The thing about this upgraded oatmeal is that it is still simple and delicious; the toppings really take so little time to prepare, but they make such a difference.  I generally add some chopped nuts or nut butter to my oatmeal to add protein, and if I have it, any kind of fruit so there is something fresh, and a natural, unrefined sweetness. I almost always add a sprinkle of cinnamon, which lends a bit of sweetness, and occasionally a little drizzle of honey or maple syrup.  The easiest toppings are things that don't have to be cooked, like strawberries, shredded unsweetened coconut, walnuts and honey, or diced apples, almonds and dates.  On a weekend morning I give it a little more time and sauté some bananas with butter and maple syrup, and caramelized some hazelnuts in the same mixture, making a sweet warm decadent addition to the bowl. When I'm in a rush and I need to save the few pieces of fruit in the house for my kid's lunch or snack, a handful of raisins, cooked up plump with the oats, a big spoonful of peanut butter on top, a drizzle of milk and honey make for one of my workday winter favorites. 

Caramelized Banana & Hazelnut Oatmeal
Serves 2
Prepare plain unsweetened oatmeal (recipe below)
Make toppings while oats are cooking

2 ripe bananas. peeled
1/2 cup hazelnuts (whole or chopped)
3 tablespoons maple syrup or honey (you can use less if you want)
2 tablespoons butter (or less if you want)
pinch salt
milk (any kind)
cinnamon or other spices optional

The Nuts: Generally I add a slice of butter (less than 1 tablespoon), a drizzle of maple syrup or honey (1 to 2 tablespoons) and a pinch of salt to a frying pan set over medium heat. Simmer until butter and syrup are mixed and let them bubble and start to caramelize, about 1 minute. Watch carefully so it doesn't burn. Add a handful of whole or chopped hazelnuts. Stir frequently cooking until nuts are well coated and starting to brown. Remove nuts into a bowl or plate and set aside.

The Bananas: Add one tablespoon of butter to the frying pan right after you remove the nuts, (no need to wash it out). Add 1 or 2 tablespoons of maple syrup on honey, a pinch of salt and any spices you like. While this is bubbling over medium heat, slice 2 peeled bananas in half across the middle and then along the length. Place them in the bubbling syrup and butter. Cook until browned slightly on one side, turn over and cook on other side. If the caramel starts to get too dark, you can add a few drops of water. The bananas will start to soften, so handle gently.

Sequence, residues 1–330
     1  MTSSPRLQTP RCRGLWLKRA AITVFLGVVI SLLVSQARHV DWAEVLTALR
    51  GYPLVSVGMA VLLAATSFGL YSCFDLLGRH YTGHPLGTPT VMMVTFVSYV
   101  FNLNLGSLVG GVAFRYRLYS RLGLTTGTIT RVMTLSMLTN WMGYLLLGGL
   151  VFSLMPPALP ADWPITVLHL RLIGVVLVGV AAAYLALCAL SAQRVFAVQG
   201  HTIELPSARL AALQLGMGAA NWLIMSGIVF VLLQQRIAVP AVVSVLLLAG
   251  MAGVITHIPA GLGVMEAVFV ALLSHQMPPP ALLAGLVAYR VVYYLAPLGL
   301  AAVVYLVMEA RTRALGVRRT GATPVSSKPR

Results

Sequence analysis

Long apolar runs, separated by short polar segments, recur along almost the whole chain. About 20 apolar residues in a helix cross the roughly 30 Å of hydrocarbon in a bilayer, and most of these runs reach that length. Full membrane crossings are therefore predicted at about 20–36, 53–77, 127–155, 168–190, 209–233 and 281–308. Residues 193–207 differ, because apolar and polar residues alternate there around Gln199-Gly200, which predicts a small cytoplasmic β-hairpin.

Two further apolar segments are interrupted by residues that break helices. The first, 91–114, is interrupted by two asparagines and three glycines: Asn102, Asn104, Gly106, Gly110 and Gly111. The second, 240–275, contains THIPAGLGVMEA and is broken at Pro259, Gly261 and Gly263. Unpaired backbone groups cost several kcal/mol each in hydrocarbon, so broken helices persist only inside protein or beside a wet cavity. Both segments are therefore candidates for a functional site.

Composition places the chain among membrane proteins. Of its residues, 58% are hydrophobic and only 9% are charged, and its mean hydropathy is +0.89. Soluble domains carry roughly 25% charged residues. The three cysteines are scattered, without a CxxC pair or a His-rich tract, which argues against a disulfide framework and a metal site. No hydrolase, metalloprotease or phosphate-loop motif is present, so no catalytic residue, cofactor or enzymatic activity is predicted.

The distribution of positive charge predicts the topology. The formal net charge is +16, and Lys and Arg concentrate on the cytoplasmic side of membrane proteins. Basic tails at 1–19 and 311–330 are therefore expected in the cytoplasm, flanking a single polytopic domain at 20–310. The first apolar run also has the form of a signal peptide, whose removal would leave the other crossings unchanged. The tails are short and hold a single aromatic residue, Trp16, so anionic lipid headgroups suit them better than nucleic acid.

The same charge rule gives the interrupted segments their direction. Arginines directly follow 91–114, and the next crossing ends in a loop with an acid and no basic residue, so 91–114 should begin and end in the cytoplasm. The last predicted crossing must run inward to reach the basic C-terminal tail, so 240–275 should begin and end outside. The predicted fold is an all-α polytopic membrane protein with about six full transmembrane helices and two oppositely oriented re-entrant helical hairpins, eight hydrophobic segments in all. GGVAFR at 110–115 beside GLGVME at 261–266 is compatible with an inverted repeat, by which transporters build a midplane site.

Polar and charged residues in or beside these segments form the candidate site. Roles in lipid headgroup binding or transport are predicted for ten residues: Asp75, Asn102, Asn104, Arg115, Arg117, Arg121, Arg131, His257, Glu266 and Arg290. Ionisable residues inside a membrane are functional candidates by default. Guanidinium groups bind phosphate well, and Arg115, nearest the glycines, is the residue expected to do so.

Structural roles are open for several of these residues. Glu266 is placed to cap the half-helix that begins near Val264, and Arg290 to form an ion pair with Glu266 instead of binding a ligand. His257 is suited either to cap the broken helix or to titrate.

To Complete: spoon one serving of oatmeal into a bowl, top with caramelized bananas and nuts. Drizzle a little milk of your choosing (cow, almond, rice etc...) around the edge. Add a sprinkle of cinnamon if you like. Enjoy.

Basic Oatmeal - Serves 2
1 Cup Rolled Oats*
2 Cups Water (can use 1/2 milk or almond milk if a creamier oatmeal is desired)
pinch salt (optional)
  1. Combine oats and water in a pot. place over medium high heat, bring to a boil and reduce heat to simmer oats. Stirring occasionally. 
  2. Cook until oats are cooked through and soft. You can adjust water to make your oatmeal thinner or thicker, depending on how you like it. 
*If you have quick oats you can use the same ratio of oats to water, but they will cook much quicker. If using steel cut oats, you need 1 cup oats to 3 or 4 cups of water. Check out this recipe for how to cook them.

Really I think almost any fruit or nut is wonderful on oatmeal. Mango and strawberries are particularly delicious and beautiful...sadly we ate that bowl before any pictures could be snapped... Medjool dates, melted butter and almonds make for a deep rich version, perfect for these cold winter mornings.

What are your favorite oatmeal toppings?  Please share!